FRANKFURT (Reuters) - Investors including U.S. hedge fund Elliott Associates have escalated a legal battle against members of Porsche’s supervisory board by seeking 1.8 billion euros ($2.43 billion) in damages from Wolfgang Porsche and his cousin Ferdinand Piech.
The most recent lawsuit forms part of a legal campaign being waged by hedge funds in various courts across the world, seeking to recoup money which was lost by betting on a decline of Volkswagen’s VWOG_p.DE share price in 2008.
On Sunday, Porsche (PSHG_p.DE) dismissed the most recent lawsuit, which was lodged at a Frankfurt regional court, as “unfounded”. Ferdinand Piech and Wolfgang Porsche were not immediately available for comment.
A spokesman for Elliott Associates declined to comment.
“Porsche SE and its supervisory board members will defend themselves with all available legal means,” Porsche said on Sunday, adding that the lawsuit in Frankfurt was no different to a separate lawsuit already pending in Hanover.
The funds have accused Porsche of engineering a “massive short squeeze” in October 2008 by quietly buying nearly all freely traded ordinary VW shares in a bid to take over the company, despite publicly stating it had no plans to do so.
Porsche’s attempt to buy up much-larger rival VW ultimately failed, but hedge funds are still suing the Stuttgart-based company and its managers for alleged market manipulation. Porsche says the allegations are unfounded.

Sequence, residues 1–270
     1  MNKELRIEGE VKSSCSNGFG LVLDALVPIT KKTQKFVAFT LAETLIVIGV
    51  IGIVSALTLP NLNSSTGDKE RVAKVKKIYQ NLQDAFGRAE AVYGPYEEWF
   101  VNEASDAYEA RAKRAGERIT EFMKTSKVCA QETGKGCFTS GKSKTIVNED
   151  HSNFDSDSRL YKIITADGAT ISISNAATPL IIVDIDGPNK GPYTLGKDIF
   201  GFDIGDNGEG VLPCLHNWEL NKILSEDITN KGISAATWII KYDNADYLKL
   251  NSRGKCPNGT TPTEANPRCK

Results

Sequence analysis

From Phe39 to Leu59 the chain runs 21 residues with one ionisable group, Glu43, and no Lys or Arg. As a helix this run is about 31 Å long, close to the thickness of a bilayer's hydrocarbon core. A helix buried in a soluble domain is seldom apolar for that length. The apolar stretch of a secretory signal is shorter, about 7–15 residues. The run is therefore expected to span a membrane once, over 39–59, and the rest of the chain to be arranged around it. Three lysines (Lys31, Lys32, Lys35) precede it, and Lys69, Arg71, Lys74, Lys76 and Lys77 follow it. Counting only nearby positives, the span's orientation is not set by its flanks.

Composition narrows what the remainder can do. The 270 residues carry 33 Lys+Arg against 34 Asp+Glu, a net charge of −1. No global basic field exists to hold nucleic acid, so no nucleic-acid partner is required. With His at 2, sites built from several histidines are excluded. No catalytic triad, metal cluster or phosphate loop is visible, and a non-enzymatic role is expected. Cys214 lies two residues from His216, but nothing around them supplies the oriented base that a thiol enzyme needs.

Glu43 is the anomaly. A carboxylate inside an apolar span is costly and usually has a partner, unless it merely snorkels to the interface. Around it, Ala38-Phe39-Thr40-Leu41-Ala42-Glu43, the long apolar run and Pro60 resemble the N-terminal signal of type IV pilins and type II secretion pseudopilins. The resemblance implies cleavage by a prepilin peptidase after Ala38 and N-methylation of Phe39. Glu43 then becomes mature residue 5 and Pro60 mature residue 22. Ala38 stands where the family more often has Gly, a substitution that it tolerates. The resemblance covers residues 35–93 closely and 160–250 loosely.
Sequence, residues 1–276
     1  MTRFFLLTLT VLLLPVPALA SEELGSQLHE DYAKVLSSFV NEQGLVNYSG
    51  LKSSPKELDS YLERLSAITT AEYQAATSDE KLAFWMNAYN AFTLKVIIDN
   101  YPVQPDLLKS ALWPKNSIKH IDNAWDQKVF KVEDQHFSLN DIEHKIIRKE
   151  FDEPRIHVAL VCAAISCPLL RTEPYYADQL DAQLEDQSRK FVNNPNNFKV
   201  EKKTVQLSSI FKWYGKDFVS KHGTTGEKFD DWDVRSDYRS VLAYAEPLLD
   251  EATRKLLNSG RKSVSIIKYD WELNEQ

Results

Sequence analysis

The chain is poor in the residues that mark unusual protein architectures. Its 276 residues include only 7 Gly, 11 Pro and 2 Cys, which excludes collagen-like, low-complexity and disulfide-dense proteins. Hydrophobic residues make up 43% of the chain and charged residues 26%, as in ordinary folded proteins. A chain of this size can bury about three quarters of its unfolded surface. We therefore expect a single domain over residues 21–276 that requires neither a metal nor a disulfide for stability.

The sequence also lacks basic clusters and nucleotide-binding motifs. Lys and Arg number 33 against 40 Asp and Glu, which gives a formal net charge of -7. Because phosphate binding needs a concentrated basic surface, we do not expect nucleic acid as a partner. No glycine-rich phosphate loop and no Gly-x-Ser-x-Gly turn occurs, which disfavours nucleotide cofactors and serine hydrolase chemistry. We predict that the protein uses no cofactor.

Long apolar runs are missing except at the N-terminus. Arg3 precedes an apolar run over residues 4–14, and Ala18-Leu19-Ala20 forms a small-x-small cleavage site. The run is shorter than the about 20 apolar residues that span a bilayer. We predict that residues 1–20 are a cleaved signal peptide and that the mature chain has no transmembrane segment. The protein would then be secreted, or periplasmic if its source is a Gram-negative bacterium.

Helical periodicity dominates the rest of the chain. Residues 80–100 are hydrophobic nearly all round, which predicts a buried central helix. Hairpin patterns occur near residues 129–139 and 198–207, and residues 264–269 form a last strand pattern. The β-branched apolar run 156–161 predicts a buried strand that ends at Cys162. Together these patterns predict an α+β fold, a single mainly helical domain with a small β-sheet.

Piech and Porsche are both members of the clan which owns Porsche SE, and hedge funds argue that as supervisory board members, they were informed about moves to buy up a VW stake.
Piech was chief executive of VW before becoming chairman of its supervisory board.
In March 2008, Porsche SE dismissed as “speculation” talk that it intended to take over VW. Seven months later Porsche SE revealed it held 42.6 percent of VW’s common shares as well as controlling another 31.5 percent via financial instruments.
When Porsche revealed it had amassed control of roughly three-quarters of the shares in Volkswagen Group, shares in the Wolfsburg-based carmaker soared to 1,005 euros, briefly making it the world’s biggest company by market value.
Hedge funds which had bet on a decline in the VW stock price made massive losses, prompting them to sue in various courts.
In December 2012, a New York judge dismissed a case brought by hedge funds including Glenhill Capital LP, David Einhorn’s Greenlight Capital LP and Chase Coleman’s Tiger Global LP, arguing the state was the wrong place to bring such a lawsuit, saying instead that the case was more appropriate for Germany.
Hedge funds have since pressed their case against Porsche’s management and supervisory board in courts in Stuttgart, Braunschweig, Hanover and now in Frankfurt.
Porsche SE’s attempts to buy VW backfired and pushed it to near-bankruptcy. Instead of buying VW, the company ended up selling its sports car business, Porsche AG, to VW.
German weekly magazine Der Spiegel was first to report that hedge funds are seeking damages from Ferdinand Piech and Wolfgang Porsche.
Reporting by Edward Taylor Ilona Wissenbach and Jan Schwartz; Editing by Catherine Evans